The world today is increasingly transformational and agile. Business is in perpetual motion constantly adopting new technologies in the hope of creating the slightest competitive advantage. The newest wave in business IT is containerization, which is becoming ever more popular due to Docker. Indeed, many businesses have already migrated from virtual machines to Docker containers.
Docker is an open source tool that allows you to package your applications in a lightweight bundled stack, working as an additional level of abstraction on top of a machine’s operating system. Containerization helps speed up the development process and introduces flexibility in its agile methodology. It is different from virtualization as virtual machines run entire operating systems from kernel up while containers are comprised only of single processes and their dependencies. Docker Engine makes use of existing OS kernel to deploy the containers. This not only improves the application performance but also reduces its footprint.
One major benefit containers bring to developers is to free them from having to worry about the underlying operating system, thereby allowing them to focus on application development. When practicing DevOps, the container management becomes simpler as it removes the administrative overhead of managing a larger number of systems.
When the containers concept was introduced, managing Docker containers was tedious. There was no simple way to orchestrate these containers while running a required number of them on managed instances. Today, however, various tools, each with their pros and cons, have been developed to suit a wide variety of use cases.
Managing containers involves handling the deployment process as well as monitoring the performance and lifecycle of running containers. Large-scale deployment brings with it the overhead burden of monitoring, deployment, configuration, automation, and management. To address this, various tools were introduced to handle orchestration. The most popular among these are Kubernetes, Swarm Mode and AWS ECS. In this article, we will focus specifically on AWS ECS.
AWS EC2 Container Service (AWS ECS) allows you to manage and orchestrate Docker containers in the AWS cloud. It creates a cluster that executes the applications hosted in containers. Furthermore, it offers container management features such as maintaining an arbitrary number of containers, managing Docker images or managing Docker environment variables. Being part of the AWS ecosystem, it has the added advantage of integrating with various other AWS products. It allows configuration of the application’s security with IAM roles and policies. You can also integrate with other AWS services like AWS ELB, AWS EC2, and others.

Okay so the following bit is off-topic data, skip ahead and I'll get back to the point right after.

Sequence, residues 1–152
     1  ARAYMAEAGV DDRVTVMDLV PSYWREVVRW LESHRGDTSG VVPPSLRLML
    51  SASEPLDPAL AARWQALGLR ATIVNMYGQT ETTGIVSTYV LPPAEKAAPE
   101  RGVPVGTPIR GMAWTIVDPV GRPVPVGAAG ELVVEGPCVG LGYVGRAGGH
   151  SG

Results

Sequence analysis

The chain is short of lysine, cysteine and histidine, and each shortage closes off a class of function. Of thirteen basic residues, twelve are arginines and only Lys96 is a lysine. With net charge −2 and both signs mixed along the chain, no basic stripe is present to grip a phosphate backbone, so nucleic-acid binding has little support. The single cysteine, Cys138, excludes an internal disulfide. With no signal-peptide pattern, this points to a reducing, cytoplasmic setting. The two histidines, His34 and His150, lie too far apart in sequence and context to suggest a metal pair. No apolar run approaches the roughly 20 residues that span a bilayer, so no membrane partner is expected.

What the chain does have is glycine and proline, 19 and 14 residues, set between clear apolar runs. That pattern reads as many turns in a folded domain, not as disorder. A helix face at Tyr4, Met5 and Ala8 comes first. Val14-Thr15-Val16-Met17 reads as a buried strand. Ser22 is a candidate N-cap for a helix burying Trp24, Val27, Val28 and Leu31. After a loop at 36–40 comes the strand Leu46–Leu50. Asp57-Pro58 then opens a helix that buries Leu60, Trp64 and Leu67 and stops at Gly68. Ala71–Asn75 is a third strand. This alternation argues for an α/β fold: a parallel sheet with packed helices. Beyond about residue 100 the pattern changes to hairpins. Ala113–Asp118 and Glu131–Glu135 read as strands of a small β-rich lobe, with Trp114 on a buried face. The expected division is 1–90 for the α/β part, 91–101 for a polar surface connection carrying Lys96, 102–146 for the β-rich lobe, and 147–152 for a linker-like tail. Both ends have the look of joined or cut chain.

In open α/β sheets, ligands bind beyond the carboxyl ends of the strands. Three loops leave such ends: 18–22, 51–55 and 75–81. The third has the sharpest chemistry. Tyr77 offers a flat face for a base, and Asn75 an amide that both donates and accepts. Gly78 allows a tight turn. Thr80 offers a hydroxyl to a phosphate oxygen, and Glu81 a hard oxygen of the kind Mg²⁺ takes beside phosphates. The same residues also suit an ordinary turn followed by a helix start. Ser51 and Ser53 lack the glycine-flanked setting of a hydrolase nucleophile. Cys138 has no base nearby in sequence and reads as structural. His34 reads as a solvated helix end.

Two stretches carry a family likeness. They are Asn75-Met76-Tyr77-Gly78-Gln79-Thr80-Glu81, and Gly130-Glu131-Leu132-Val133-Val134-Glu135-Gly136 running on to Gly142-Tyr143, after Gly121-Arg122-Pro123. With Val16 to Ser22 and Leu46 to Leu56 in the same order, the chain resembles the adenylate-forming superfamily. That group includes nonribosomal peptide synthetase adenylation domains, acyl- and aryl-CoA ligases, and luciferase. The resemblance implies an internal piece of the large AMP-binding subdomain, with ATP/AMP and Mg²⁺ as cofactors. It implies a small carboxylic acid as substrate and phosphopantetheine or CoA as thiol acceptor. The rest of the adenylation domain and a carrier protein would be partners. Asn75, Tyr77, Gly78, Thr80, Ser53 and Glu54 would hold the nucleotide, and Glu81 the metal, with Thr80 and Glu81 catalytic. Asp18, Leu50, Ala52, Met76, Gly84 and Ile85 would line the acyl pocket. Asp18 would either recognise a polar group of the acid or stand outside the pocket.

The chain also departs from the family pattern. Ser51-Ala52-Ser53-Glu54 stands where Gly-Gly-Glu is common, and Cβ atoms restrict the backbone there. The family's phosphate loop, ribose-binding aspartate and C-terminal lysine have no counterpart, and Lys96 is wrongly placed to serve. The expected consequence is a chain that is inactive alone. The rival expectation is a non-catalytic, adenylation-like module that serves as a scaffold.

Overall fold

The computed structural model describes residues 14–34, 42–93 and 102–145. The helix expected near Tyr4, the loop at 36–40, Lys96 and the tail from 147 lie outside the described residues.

In addition to allowing you to run microservices in containers, AWS also provides EC2 Container Registry (ECR) to host the images you want to run. ECR is basically a private instance of Docker Registry so you will not have to pay for a separate Docker Hub account nor set up your own registry. Of course, you are not in any way constrained to use the ECR, so if you wish you may choose images from any other registry.
Container management and scheduling can be done from CLI. For that JSON format is used. While Docker users may be more suited to the YAML format used by Docker Compose or Kubernetes, the fields used in JSON are quite similar to those of the above-mentioned tools and most should be self-explanatory. When paired with an infrastructure-as-a-code solution, such as Amazon’s own CloudFormation or Terraform from HashiCorp, those task definitions can provide a good basis for a Continuous Deployment pipeline.
Being part of AWS, ECS integrates easily with other managed services available in the Amazon cloud. You can use ELB for load balancing, EBS for storage, IAM roles for access management and various other building blocks as well. Additionally, ECS is gratis. You only pay for the cost of underlying infrastructure, such as EC2 instances or EBS volumes.
There are also ECS optimized AMI instances, but if you so desire you may setup an ECS agent on any other new or existing instance. The agent itself is open source with code hosted on GitHub. The binaries are available either as a Yum package, as a Docker container or as a Windows executable, so deployment should not pose a problem.
Cloud Protection Manager
Although there are tools like CloudFormation provided by AWS to help run your infrastructure, there is still lots to do in terms of automation and maintenance such as scheduling snapshots, replicating in more than one region and/or accounts, and managing users. Cloud Protection Manager allows you to backup and restore quickly and easily leveraging native snapshots. CPM snapshots are taken at the block level and therefore is the most efficient backup available. No homegrown scripts needed. You have the freedom to choose snapshot schedules ranging from minutes to months. CPM also supports EBS, RDS, Redshift and Aurora clusters.
If you want to learn more about ECS check out our follow-up article. In it, we will show the best use cases for using AWS ECS and Docker in general. We especially recommend it to those already invested in the AWS ecosystem.